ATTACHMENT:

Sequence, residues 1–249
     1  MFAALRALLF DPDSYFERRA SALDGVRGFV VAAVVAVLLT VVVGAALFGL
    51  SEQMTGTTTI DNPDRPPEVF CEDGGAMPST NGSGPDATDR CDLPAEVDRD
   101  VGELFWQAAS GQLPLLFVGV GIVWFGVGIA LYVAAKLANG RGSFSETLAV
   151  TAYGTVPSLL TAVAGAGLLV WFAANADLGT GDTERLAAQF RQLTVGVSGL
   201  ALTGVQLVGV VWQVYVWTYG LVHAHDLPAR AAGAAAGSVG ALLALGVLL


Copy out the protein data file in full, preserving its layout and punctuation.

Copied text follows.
Sequence, residues 1–249
     1  MFAALRALLF DPDSYFERRA SALDGVRGFV VAAVVAVLLT VVVGAALFGL
    51  SEQMTGTTTI DNPDRPPEVF CEDGGAMPST NGSGPDATDR CDLPAEVDRD
   101  VGELFWQAAS GQLPLLFVGV GIVWFGVGIA LYVAAKLANG RGSFSETLAV
   151  TAYGTVPSLL TAVAGAGLLV WFAANADLGT GDTERLAAQF RQLTVGVSGL
   201  ALTGVQLVGV VWQVYVWTYG LVHAHDLPAR AAGAAAGSVG ALLALGVLL